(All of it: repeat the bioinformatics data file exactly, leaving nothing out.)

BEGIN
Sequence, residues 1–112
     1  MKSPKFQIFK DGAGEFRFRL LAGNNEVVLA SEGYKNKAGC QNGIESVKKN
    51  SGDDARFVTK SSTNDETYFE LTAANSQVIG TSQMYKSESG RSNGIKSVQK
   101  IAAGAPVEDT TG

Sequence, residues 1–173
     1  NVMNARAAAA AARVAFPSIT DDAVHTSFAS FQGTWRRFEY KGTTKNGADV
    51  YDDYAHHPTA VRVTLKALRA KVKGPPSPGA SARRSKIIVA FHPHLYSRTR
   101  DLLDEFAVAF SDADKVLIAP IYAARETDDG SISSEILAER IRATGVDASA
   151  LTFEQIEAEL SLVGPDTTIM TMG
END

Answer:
Sequence, residues 1–112
     1  MKSPKFQIFK DGAGEFRFRL LAGNNEVVLA SEGYKNKAGC QNGIESVKKN
    51  SGDDARFVTK SSTNDETYFE LTAANSQVIG TSQMYKSESG RSNGIKSVQK
   101  IAAGAPVEDT TG

Sequence, residues 1–173
     1  NVMNARAAAA AARVAFPSIT DDAVHTSFAS FQGTWRRFEY KGTTKNGADV
    51  YDDYAHHPTA VRVTLKALRA KVKGPPSPGA SARRSKIIVA FHPHLYSRTR
   101  DLLDEFAVAF SDADKVLIAP IYAARETDDG SISSEILAER IRATGVDASA
   151  LTFEQIEAEL SLVGPDTTIM TMG